A Systematic Review of Stakeholder Perspectives of Dignity and Assisted Dying.

Quah, Elaine Li Ying, Chua, Keith Zi Yuan, Lua, Jun Kiat, Wan, Darius Wei Jun, Chong, Chi Sum, Lim, Yun Xue and Krishna, Lalit ORCID: 0000-0002-7350-8644
(2023) A Systematic Review of Stakeholder Perspectives of Dignity and Assisted Dying. Journal of pain and symptom management, 65 (2). e123-e136.

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<h4>Introduction</h4>The debate on assisted dying and its components, euthanasia and physician-assisted suicide has evolved with the emergence of the right to dignity and the wish to hasten death (WTHD). Whilst shaped by local legal and sociocultural considerations, appreciation of how patients, healthcare professionals and lawmakers relate notions of dignity to self-concepts of personhood and the desire for assisted dying will better inform and direct support of patients.<h4>Methods</h4>Guided by the Systematic Evidence Based Approach, a systematic scoping review (SSR in SEBA) on perspectives of dignity, WTHD and personhood featured in PubMed, Embase, PsycINFO, Cochrane Database of Systematic Reviews, CINAHL, Scopus databases and four key Palliative Care journals was conducted. The review hinged on the following questions: "what is the relationship between dignity and the wish to hasten death (WTHD) in the assisted dying debate?", "how is dignity conceptualised by patients with WTHD?" and "what are prevailing perspectives on the role of assisted dying in maintaining a dying patient's dignity?"<h4>Results</h4>6947 abstracts were identified, 663 full text articles reviewed, and 88 articles included. The four domains identified include 1) concepts of dignity through the lens of the Ring Theory of Personhood (RToP) including their various definitions and descriptions; 2) the relationship between dignity, WTHD and assisted dying with loss of dignity and autonomy foregrounded; 3) stakeholder perspectives for and against assisted dying including those of patient, healthcare provider and lawmaker; and 4) other dignity-conserving measures as alternatives to assisted dying.<h4>Conclusion</h4>Concepts of dignity constantly evolve throughout the patient's end of life journey. Understanding when and how these concepts of personhood change and trigger the fear of a loss of dignity or intractable suffering could direct timely, individualised and appropriate person-centred dignity conserving measures. We believe an RToP-based tool could fulfil this role and further study into the design of this tool is planned.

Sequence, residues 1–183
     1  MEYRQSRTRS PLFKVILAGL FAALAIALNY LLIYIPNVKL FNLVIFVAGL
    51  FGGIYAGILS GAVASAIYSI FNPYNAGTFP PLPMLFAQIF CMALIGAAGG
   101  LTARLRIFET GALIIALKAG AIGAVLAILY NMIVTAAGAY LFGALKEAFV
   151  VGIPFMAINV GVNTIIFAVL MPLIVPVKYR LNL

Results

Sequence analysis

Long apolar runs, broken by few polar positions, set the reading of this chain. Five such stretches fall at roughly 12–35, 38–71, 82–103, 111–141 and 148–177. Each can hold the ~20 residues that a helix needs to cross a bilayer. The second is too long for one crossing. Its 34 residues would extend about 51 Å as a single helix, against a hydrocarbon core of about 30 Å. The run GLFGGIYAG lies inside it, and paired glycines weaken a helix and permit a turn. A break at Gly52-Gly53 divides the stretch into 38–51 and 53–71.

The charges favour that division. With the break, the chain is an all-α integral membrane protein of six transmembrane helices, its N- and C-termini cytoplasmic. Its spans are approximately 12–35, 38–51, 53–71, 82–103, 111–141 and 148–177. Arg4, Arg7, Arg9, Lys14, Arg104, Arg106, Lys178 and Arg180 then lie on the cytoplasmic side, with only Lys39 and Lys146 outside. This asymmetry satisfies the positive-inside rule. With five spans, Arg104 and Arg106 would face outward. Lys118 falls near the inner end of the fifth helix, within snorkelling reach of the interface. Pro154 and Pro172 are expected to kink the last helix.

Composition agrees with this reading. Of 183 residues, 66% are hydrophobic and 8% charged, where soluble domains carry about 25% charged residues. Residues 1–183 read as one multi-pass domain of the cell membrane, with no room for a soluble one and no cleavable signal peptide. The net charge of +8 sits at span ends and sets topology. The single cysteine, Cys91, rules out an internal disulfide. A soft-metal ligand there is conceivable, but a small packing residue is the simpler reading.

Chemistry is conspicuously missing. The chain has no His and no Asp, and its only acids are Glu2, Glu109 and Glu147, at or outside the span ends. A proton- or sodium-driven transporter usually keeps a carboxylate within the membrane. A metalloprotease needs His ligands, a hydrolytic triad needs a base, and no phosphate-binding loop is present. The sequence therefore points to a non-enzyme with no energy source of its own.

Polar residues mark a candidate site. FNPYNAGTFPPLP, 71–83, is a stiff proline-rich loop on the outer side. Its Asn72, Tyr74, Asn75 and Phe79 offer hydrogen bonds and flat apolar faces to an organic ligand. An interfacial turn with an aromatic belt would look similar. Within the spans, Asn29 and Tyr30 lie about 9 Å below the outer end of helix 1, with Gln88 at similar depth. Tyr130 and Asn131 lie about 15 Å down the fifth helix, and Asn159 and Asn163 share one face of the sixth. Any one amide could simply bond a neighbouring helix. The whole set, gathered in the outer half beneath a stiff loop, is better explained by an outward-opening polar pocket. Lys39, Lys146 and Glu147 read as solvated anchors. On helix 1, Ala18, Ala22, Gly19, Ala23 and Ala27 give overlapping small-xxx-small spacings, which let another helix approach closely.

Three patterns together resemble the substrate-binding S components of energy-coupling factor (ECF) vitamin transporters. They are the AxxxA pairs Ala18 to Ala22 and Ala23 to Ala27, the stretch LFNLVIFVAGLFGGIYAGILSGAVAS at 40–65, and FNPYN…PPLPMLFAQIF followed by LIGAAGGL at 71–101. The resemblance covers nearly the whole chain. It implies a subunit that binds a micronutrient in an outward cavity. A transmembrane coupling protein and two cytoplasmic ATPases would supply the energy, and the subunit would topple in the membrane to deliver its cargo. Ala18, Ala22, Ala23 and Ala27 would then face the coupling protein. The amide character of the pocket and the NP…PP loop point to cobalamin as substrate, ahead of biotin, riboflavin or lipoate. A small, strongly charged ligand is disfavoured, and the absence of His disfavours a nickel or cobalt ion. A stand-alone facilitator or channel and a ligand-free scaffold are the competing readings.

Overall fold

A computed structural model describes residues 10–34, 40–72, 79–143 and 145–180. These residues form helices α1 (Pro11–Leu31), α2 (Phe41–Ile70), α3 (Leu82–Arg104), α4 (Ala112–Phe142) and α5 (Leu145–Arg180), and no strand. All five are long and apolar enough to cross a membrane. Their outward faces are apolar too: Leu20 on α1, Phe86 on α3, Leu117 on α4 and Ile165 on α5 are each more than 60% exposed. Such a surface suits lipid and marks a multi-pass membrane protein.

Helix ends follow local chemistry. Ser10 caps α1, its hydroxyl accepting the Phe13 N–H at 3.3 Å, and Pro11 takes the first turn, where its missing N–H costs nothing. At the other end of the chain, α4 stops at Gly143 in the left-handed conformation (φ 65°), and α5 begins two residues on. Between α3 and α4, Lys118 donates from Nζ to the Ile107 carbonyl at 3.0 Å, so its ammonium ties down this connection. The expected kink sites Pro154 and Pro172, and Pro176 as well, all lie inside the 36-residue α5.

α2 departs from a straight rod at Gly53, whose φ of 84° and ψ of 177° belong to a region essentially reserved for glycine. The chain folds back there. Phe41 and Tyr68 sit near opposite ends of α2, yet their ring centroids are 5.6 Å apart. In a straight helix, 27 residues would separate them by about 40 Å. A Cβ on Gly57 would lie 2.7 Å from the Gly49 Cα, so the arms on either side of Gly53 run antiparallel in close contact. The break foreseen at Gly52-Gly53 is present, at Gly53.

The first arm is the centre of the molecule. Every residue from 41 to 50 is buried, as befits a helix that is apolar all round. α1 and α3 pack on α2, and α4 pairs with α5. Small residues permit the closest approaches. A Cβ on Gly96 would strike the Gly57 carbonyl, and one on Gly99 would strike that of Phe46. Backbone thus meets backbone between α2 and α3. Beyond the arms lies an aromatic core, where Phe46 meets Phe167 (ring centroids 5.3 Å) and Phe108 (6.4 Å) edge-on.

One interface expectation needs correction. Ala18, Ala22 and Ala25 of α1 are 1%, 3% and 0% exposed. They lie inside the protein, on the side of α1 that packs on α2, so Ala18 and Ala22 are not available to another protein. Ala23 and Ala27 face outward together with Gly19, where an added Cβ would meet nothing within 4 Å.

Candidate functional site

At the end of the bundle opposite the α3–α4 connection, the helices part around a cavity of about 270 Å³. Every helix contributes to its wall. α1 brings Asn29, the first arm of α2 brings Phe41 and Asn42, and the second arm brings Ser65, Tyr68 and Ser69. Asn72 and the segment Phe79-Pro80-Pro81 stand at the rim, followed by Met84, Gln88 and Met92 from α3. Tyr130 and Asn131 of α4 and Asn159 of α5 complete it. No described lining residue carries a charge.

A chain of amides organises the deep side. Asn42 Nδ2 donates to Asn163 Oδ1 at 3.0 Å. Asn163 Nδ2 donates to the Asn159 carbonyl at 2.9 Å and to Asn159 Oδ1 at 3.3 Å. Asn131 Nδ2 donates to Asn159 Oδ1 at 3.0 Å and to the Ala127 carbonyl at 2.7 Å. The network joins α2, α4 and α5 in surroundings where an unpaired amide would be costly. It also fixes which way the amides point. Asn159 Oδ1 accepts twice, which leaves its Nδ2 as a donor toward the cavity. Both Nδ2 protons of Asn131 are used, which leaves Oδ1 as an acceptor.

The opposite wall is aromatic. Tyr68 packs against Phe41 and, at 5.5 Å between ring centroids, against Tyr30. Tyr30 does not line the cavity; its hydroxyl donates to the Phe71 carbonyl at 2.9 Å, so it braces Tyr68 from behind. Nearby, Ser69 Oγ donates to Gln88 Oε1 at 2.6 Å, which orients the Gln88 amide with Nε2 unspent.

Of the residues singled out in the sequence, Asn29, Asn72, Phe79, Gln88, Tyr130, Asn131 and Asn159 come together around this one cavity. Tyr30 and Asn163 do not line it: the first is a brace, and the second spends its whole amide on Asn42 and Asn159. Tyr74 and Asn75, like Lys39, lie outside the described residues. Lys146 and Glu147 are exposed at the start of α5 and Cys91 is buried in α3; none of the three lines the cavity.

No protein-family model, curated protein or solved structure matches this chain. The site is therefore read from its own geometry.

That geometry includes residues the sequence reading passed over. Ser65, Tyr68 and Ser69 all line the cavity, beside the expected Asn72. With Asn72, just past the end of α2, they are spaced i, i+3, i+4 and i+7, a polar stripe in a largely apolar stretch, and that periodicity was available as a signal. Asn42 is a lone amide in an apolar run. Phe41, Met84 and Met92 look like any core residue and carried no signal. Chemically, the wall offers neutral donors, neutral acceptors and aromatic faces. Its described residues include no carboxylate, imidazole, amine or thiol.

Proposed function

Item Type: Article
Uncontrolled Keywords: Humans, Palliative Care, Terminal Care, Euthanasia, Suicide, Assisted, Personhood, Respect
Depositing User: Symplectic Admin
Date Deposited: 08 Nov 2022 16:24
Last Modified: 18 Mar 2024 03:27
DOI: 10.1016/j.jpainsymman.2022.10.004
Open Access URL: https://doi.org/10.1016/j.jpainsymman.2022.10.004
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URI: https://livrepository.liverpool.ac.uk/id/eprint/3166068